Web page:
New York state is lifting quarantine and COVID-19 testing restrictions on vaccinated domestic travelers. The caveat is that the new ruling applies within 90 days of the traveler's second inoculation, due to the lack of data around how long vaccine-related immunity will last.
New York governor, Andrew N. Cuomo, said that travelers will still have to undergo testing and quarantine if the 90-day period since vaccination took place has elapsed. The rules for New York at present are that travelers must provide a negative COVID-19 viral test taken within three calendar days of travel to the city and undergo a mandatory 10-day quarantine.
The same applies to domestic travelers who haven’t been fully vaccinated yet. The relaxing of restrictions does not apply to international travelers over two years, who must also provide a negative COVID-19 viral test taken within three days of travel and continue to quarantine, even if they’ve been vaccinated.
Cuomo also said that beginning 2 April, event, arts and entertainment venues can reopen at 33% capacity, up to 100 people indoors and up to 200 people outdoors. If all attendees present proof of negative test prior to entry, capacity can increase up to 150 people indoors and up to 500 people outdoors. Sports and entertainment events in major stadiums and arenas were already permitted to open with limited spectators from 23 February.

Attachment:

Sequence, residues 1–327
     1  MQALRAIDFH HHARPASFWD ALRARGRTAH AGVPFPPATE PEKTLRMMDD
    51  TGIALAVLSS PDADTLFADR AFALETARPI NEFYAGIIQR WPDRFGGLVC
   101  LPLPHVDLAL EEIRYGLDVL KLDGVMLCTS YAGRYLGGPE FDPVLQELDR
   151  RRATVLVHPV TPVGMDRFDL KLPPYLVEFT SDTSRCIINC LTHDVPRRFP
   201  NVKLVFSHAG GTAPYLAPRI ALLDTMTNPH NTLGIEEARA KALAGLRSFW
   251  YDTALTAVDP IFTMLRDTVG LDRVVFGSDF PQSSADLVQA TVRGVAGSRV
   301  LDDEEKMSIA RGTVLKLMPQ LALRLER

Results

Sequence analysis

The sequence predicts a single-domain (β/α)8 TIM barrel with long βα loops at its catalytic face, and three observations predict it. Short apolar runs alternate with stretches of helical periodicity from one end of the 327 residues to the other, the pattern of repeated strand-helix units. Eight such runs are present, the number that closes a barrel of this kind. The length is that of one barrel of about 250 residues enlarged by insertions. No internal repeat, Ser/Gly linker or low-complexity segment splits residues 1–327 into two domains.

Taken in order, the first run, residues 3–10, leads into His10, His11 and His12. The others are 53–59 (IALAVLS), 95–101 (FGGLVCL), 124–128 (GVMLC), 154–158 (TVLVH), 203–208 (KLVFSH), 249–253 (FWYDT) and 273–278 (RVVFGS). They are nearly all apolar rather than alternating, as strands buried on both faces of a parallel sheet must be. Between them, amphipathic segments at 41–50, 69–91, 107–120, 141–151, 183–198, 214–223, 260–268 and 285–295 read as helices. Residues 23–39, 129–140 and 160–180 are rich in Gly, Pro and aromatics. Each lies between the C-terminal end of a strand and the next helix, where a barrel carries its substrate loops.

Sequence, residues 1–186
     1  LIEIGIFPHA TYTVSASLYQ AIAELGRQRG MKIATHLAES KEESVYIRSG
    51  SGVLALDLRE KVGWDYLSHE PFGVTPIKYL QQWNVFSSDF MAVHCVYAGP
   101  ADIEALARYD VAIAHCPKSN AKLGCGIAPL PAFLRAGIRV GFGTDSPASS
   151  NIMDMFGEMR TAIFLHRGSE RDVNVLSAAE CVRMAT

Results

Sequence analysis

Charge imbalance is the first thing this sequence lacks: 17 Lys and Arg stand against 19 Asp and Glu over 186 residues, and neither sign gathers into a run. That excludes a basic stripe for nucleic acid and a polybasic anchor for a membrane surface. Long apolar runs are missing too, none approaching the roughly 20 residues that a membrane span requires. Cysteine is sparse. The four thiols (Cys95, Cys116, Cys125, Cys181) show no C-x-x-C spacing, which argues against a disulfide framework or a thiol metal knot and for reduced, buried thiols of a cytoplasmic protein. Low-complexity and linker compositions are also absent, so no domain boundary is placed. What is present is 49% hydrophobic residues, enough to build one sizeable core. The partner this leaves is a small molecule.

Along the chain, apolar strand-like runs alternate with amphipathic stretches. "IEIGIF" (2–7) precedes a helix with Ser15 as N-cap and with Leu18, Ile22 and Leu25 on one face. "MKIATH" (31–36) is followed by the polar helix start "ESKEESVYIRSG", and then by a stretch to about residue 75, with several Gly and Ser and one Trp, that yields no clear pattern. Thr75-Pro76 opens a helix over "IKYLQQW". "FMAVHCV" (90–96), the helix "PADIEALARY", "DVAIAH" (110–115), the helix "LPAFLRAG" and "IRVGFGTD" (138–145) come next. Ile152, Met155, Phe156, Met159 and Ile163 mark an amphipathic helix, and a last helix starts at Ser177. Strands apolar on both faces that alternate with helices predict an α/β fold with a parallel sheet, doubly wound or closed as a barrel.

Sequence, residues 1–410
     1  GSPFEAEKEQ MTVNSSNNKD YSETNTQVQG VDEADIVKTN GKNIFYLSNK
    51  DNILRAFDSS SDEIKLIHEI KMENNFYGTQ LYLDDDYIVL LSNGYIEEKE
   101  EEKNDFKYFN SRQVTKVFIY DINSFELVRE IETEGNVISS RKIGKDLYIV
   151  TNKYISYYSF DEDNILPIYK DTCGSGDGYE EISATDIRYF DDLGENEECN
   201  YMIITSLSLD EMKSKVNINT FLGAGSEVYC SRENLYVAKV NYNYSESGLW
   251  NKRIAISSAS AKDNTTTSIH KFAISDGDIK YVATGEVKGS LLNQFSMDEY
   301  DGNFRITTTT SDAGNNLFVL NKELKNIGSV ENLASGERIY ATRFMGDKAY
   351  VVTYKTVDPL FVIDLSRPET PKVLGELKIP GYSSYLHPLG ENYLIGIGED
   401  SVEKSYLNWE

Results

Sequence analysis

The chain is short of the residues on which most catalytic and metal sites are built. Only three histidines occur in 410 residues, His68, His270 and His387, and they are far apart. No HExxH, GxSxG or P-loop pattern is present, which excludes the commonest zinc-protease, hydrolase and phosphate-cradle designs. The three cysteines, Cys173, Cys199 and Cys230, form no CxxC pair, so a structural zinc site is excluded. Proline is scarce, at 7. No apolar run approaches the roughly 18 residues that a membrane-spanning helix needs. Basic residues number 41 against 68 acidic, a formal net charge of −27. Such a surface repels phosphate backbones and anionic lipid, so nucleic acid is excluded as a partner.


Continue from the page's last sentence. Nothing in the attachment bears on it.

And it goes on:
However, there must be strict adherence to all applicable Department of Health guidance, including mask-wearing, capacity limitations, testing requirements and assigned, socially-distanced seating. Further information can be found on Governor Cuomo's website here.
You might also like:
Patti Smith and other celebrities to boost New York's new pop-up festival
A new walking tour sheds light on the history of Black resilience in NYC
Walk or cycle from NYC to Canada on the new Empire State Trail